Peace talks add to cynicism over Syria
BEIRUT // It speaks volumes about how bad things are in Syria when the peace talks being held in Geneva are being praised as a step forward before the two sides have even managed to utter a word to each other.
The opposition and regime delegations sat in the same room in Geneva on Saturday for half an hour — a first since the uprising began in March 2011 — but did not speak to one another directly.
“It was not easy for us to sit with the delegation that represents the killers in Damascus but we did it for the sake of the Syrian people and for the sake of the Syrian children,” Anas Al Abdeh, who was among the coalition’s representatives, told the Associated Press.
Despite all the diplomatic pomp, an imposing venue and saturated media coverage, an unmistakable lack of substance has shrouded the Geneva 2 negotiations. Key figures representing the president, Bashar Al Assad, were not present in the initial meeting between the regime and opposition on Saturday, with the foreign minister, Walid Al Muallem, his deputy, Faisal Meqdad, and the presidential adviser Bouthaina Shaaban all staying outside.
In their place was Syria’s ambassador to the UN, Bashar Jaafari, a man whose job Mr Al Assad, in December 2011, revealingly described as a “game we play. It does mean you believe it”.
The opposition, too, was present in a less than fulsome way. The Syrian National Coalition is doing its best to behave with gravitas — a change from its usual squabbling — but still hardly represents the forces fighting Mr Al Assad on the ground.
The Islamic Front, Jabhat Al Nusra, the Islamic State of Iraq and the Levant, not to mention major members of the Syrian National Coalition itself, have refused to take part in the talks, as has the National Coordination Committee, another opposition political bloc.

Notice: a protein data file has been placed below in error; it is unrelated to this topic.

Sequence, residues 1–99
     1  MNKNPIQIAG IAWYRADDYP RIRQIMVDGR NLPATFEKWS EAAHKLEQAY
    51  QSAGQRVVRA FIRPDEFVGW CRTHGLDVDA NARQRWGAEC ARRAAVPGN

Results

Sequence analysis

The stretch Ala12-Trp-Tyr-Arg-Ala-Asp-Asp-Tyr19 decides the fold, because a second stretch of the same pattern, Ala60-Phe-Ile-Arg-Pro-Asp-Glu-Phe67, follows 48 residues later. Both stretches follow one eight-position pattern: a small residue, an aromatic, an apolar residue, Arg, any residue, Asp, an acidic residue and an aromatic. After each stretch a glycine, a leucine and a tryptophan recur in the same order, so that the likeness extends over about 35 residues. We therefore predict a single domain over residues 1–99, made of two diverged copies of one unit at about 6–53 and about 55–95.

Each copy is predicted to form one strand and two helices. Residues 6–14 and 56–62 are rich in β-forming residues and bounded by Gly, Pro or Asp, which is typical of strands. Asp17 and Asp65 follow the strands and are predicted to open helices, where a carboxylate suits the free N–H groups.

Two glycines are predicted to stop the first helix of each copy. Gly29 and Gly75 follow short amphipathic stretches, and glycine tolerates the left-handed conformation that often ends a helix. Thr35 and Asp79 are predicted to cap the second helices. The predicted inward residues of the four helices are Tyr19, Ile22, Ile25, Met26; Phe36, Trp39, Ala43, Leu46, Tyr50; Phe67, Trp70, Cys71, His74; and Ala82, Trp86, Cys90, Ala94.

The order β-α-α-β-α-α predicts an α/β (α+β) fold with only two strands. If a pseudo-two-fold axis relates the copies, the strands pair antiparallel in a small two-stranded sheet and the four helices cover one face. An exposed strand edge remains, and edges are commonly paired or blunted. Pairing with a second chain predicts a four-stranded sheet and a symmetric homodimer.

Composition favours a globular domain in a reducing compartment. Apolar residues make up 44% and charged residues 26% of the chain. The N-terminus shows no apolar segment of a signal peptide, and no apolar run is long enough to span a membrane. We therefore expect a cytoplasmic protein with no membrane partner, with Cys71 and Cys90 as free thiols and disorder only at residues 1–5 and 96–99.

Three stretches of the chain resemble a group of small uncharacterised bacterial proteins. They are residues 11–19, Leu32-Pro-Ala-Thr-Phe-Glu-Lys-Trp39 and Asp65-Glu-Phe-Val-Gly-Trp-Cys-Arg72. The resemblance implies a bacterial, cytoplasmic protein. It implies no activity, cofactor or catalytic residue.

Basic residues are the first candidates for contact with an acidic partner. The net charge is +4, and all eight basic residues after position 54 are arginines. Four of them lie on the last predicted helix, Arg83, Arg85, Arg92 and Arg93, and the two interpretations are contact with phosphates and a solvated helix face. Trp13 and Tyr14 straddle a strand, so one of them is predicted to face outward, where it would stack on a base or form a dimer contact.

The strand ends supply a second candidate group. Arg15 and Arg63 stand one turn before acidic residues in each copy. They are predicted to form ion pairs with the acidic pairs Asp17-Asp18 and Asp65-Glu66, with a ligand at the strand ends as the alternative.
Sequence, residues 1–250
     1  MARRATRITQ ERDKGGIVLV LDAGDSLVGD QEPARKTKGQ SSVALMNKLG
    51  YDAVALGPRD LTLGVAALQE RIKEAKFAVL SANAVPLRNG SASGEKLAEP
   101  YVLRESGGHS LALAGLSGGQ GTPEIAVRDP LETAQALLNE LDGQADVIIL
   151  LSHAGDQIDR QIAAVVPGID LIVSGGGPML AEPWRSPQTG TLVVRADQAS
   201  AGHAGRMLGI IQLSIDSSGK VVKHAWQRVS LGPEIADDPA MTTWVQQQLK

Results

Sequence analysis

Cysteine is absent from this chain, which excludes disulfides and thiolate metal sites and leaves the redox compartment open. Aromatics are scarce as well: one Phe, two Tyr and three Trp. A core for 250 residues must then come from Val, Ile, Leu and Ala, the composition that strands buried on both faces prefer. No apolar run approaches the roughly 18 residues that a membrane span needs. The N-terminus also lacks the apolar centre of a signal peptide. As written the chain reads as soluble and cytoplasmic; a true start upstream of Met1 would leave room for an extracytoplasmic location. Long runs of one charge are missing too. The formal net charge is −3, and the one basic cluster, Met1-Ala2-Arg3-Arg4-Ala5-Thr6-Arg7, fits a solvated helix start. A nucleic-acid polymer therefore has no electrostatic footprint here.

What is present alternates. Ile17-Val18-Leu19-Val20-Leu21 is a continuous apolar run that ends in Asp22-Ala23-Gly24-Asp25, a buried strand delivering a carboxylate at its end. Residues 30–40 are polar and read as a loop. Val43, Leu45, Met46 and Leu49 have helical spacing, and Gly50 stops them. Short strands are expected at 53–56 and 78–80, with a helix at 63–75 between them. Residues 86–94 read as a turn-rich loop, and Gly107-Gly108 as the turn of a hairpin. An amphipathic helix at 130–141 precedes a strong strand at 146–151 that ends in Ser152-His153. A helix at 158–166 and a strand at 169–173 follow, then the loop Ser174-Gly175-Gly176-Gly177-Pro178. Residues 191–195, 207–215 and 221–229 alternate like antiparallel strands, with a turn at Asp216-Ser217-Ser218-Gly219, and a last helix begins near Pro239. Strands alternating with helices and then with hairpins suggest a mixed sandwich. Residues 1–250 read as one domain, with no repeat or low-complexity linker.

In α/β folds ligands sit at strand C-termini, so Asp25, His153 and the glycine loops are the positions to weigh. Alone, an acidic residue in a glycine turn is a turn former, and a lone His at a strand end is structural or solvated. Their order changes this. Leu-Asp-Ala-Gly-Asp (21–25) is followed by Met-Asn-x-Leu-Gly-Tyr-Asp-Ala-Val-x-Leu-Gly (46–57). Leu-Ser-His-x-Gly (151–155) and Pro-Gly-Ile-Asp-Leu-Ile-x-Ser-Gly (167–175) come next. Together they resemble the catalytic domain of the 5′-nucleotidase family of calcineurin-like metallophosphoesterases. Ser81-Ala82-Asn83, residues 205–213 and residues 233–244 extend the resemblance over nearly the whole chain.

Which all leaves the Geneva talks looking suspiciously hollow. On one side, an opposition incapable of making decisions that it can enforce on the ground and, on the other, a regime that wants only to remain in power, whatever the cost.
There appears to have been no behind-the-scenes agreement between the regime’s arms dealers and money suppliers, Moscow and Tehran, and the opposition’s, Washington, Brussels, Riyadh and Doha.
Without a deal between them, there is little prospect of concrete steps being taken between the principals. A proxy war is being fought in Syria and the proxies alone cannot decide its outcome.
In an effort to score some kind of tangible result, UN envoy, Lakhdar Brahimi is looking to start with confidence building measures, such as access for humanitarian aid — something Mr Al Assad has repeatedly pledged and not delivered on.
But even if that is agreed to the pitfalls are numerous.
Previous ceasefires, including one brokered by the UN in April 2012, did not last, with the regime accusing the rebels of shooting first and vice versa — and that was with independent UN monitors on the ground.
The machine guns and artillery pieces hardly had time to cool. Things might be different now, but it’s hard to see exactly what.
At the heart of the matter still lies a knot that seems impossible to untie; Mr Al Assad will not leave power and mere mention of the presidency has been ruled a “red line” in these talks by his delegation.
Across the table, the opposition insists Mr Al Assad’s right to rule has been eroded irretrievably by his actions to break a peaceful uprising, which, in the face of a killing spree by his security forces, became a war that has killed 130,000 people.
Updated: January 25, 2014 04:00 AM